• Zone 3 Pace:  From Threshold Pace to -5 seconds:  1:25-1:30/100 yards:  Main set work only.

Once you determine your three Pace zones you can apply them to your swim training sessions based on the goal of that session.  It’s a good idea to retest every 6-8 weeks to reset your Pace zones as your fitness improves.

Zone 1 Training:  Always do your warm up, drill work, cool down at this pace.  During your aerobic base phase the bulk of your training takes place in this zone.  When you transition to your build phase use this Pace zone to add volume and for active recovery.  A sample session main set (MS):  5 x 300 yards w/10-20 second rest interval (RI).

Zone 2 Training:  This is primarily race pace training and the bulk of your main sets during the build period needs to be in this zone.  Sample sessions are:  10-20 x 100 yards w/15-20 second RI, 10 x 200 yards w/15-20 second RI, and 5-10 x 400 yards w/15-20 second RI.

Zone 3 Training:  Because of the intensity these sets should never be more than 5% – 10% of your Main Set swim training. What it will do for you is build your fitness and make that Threshold work seem just a little bit easier. Sample sessions:  8-12 x 50 yards w/40 second RI or 12-20 x 25 yards w/20 second RI.

Bike & Run HR Training Zones

Determining your maximum heart rate on the bike and on the run is very similar. In both cases you’re going to perform a time trial that lasts 10-15 minutes. Once again it’s best to do this with someone who can help out so that you don’t have to keep track of time. You also stay more motivated when someone’s there watching and encouraging you!

For safety and convenience reasons use a bike trainer instead of doing this out on the road. For the run ideally you can do this at a track or some type of course where you can run loops on fairly flat terrain.  As with the swim, warm up thoroughly and include some short fast stuff to get your muscles ready for the test.

Record your HR at the end of the time trial and use it as your maximum heart rate.  Once you have your maximum HR apply the percentages below to create easy to follow training zones.

  • Zone 1: less than 80% of max heart rate:  this is your aerobic training zone.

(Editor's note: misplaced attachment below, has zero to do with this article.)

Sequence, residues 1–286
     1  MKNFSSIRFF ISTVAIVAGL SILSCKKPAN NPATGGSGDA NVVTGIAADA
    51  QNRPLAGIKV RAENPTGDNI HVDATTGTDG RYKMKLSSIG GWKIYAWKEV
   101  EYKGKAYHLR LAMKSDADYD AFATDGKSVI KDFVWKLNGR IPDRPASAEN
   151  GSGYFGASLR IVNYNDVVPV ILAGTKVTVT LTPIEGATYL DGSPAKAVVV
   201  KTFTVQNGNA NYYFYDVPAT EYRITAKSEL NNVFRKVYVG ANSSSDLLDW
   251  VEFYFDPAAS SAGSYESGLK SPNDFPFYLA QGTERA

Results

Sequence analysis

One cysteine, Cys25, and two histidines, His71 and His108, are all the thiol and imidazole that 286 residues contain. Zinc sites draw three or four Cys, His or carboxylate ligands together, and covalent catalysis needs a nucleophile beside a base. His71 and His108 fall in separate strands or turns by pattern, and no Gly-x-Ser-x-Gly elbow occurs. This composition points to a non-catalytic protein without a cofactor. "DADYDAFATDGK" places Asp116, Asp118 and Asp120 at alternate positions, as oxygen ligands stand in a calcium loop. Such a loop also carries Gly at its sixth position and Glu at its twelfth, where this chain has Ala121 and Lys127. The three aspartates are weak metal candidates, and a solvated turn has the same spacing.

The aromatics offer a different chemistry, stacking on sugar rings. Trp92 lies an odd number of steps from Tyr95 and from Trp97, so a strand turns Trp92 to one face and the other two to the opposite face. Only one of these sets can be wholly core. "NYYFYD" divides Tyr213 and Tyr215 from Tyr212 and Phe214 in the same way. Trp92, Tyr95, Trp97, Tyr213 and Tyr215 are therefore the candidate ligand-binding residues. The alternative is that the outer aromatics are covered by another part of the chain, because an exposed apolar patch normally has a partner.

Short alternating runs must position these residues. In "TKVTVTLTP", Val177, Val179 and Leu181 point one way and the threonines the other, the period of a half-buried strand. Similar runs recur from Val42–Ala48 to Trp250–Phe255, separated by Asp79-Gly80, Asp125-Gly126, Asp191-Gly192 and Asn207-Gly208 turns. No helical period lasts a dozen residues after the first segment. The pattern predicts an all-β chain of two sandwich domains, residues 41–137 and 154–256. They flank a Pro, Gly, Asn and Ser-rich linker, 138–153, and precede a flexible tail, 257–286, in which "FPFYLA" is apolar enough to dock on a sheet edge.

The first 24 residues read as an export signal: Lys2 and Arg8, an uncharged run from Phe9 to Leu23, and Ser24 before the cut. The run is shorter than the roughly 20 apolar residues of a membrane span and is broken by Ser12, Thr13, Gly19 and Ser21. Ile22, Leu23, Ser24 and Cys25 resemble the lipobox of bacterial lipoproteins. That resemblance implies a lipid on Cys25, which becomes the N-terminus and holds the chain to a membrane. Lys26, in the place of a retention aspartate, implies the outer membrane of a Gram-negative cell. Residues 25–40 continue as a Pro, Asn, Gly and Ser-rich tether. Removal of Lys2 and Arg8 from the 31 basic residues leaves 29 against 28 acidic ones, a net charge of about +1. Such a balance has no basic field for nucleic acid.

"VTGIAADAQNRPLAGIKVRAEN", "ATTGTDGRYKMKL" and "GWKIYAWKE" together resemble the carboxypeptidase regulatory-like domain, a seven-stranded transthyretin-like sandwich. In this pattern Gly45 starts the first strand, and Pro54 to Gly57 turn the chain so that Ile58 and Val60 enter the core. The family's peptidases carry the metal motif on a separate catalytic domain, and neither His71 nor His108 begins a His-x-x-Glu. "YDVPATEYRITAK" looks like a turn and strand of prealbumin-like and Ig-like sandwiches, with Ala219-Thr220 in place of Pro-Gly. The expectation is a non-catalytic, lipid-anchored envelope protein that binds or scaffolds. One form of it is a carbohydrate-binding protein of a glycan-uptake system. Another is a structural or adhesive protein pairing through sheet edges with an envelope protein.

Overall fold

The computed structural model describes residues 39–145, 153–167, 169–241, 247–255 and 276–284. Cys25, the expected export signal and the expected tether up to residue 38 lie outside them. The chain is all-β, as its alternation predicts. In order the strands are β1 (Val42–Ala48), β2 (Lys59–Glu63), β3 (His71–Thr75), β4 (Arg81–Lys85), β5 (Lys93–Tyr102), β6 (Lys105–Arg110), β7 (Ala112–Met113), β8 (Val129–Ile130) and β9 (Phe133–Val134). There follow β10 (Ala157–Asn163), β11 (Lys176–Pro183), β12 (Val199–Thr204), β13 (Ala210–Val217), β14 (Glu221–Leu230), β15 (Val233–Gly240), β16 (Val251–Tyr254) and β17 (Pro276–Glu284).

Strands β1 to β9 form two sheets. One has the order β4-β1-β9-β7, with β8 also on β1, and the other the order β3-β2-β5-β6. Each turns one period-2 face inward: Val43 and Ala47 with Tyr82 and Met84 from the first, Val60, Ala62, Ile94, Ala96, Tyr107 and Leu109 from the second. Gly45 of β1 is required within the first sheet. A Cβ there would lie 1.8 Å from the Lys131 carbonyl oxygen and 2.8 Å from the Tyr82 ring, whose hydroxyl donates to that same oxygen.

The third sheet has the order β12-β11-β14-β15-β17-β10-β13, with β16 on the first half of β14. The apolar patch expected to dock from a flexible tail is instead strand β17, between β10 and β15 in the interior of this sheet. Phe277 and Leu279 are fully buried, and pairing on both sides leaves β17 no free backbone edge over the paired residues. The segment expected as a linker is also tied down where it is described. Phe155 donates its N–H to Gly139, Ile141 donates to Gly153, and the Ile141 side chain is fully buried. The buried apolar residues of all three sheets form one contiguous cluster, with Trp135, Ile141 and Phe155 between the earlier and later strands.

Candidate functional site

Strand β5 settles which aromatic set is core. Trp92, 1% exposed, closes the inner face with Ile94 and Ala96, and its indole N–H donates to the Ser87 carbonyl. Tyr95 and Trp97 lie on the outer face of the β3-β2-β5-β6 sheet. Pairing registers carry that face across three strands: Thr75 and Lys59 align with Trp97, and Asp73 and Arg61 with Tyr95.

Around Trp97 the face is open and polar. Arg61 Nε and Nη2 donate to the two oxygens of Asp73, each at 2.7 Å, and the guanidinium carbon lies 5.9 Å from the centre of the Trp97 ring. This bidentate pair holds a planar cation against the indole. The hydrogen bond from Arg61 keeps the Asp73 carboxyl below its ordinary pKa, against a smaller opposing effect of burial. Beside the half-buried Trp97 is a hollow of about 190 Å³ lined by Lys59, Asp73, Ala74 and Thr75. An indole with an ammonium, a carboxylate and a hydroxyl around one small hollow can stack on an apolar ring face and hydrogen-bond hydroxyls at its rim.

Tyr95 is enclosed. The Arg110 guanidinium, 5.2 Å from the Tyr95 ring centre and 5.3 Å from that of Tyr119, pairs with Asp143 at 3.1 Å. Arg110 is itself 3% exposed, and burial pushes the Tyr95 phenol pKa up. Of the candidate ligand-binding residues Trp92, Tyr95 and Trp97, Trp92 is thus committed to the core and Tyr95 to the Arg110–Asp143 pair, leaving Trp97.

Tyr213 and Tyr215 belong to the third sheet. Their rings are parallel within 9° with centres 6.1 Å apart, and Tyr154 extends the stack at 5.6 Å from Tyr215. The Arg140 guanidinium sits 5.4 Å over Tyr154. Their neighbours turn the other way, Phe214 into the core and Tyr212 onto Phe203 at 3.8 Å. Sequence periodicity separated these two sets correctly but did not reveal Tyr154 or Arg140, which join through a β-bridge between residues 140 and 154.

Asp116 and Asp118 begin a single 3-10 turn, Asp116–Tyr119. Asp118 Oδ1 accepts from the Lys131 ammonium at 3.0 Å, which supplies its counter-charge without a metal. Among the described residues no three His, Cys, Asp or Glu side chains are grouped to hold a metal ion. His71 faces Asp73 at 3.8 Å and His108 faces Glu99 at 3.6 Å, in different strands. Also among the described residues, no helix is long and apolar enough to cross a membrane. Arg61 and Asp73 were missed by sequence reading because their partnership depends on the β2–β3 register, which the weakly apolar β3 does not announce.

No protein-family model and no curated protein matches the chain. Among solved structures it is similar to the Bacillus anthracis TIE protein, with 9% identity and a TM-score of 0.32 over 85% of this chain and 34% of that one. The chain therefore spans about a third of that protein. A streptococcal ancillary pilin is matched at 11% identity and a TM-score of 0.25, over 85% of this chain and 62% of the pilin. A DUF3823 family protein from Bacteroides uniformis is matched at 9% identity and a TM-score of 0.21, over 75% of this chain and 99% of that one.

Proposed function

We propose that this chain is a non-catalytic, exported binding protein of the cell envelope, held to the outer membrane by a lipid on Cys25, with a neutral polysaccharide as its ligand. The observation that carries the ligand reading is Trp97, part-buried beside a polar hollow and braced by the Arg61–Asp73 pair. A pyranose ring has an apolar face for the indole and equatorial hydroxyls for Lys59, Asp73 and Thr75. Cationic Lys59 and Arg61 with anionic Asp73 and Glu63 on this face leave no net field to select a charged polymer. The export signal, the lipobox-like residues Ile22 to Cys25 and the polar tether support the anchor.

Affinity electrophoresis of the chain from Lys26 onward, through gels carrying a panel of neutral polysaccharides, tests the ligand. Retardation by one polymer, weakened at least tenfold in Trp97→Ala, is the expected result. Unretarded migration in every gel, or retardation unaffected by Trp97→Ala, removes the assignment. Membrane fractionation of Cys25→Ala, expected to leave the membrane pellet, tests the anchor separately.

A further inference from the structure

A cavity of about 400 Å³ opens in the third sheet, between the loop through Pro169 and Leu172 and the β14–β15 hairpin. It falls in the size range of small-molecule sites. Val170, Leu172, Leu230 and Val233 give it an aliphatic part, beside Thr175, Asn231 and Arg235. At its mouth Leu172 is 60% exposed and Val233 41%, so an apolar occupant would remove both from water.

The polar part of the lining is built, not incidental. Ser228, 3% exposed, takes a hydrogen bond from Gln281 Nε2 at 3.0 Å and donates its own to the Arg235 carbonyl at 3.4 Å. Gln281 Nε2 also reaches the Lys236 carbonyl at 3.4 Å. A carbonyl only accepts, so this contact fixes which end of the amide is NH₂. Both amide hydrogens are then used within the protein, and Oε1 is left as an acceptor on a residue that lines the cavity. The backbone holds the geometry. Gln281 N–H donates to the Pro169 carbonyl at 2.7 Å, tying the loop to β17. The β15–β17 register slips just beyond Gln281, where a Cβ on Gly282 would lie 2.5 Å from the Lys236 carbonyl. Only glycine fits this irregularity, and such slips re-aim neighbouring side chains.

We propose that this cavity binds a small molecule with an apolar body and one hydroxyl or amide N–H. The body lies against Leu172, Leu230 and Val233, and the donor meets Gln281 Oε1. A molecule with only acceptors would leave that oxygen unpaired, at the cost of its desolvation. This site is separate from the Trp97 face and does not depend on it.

• Zone 2: 80% to 90% of max heart rate: this is your threshold training zone.
  • Zone 3:  greater than 90% of max heart rate:  this is your anaerobic training zone.

When organizing your training for either the bike or the run use these training zones to determine your goals for that particular day. As always the bulk of your training, at least 80%, will take place in Zone 1 because you need to maintain your aerobic base while you build your race pace and your body can only take a limited amount of intensity.

Do at least one session a week in each sport during your build training in Zone 2. A sample workout for the bike or run is 3-6 × 5-10 minutes with a two minute rest interval (RI).

Zone 3 work on the bike – should range anywhere from 1 to 4 minutes with 2 to 4 minute RI. Mix these into your training every few weeks in place of zone 2 sessions to increase your capacity to do work and crank up your fitness.  Be careful when you do these sessions because they are very hard and put you at risk of injury, especially running.

Zone 3 work on the run – is generally shorter anywhere from 30 seconds to 2 minutes with 2 to 4 minutes RI. A common session might be 6 to 8 × 400m with 400m RI so you’re fully recovered before your next repetition. Once again be cautious.

Also, be aware that due to the short duration of these maximum efforts HR is not a good indicator.  The reason is because there’s a lag time between the start of your effort and your HR associated with that effort: e.g., for short intervals of less than a minute or two the effort will be over before an accurate HR reading.  So when you do these sets you’ll need to learn how to gauge your effort more by feel or what’s referred to as rate of perceived exertion (RPE).  This will take some time but as you practice training at different effort levels and compare your effort to your HR you’ll quickly learn to read your RPE.

That’s it for this week.  Until next time train safe, stay healthy, and hope to see you at the races.


How to Set Up a Drama Free Swim Start

The swim start can be a pretty scary part of any triathlon and with good reason.  If you’re like most triathletes then your swim training is primarily focused on improving your freestyle swim stroke.  One key aspect to an efficient freestyle stroke is to minimize drag by looking down and slightly forward while you swim.  That means you spend most of your time not looking where you’re going.  Not a big deal when you’re doing laps in the clear pool water.  But when you add poor underwater visibility at many venues and anywhere from a few dozen to a couple of thousand other competitors all bets are off.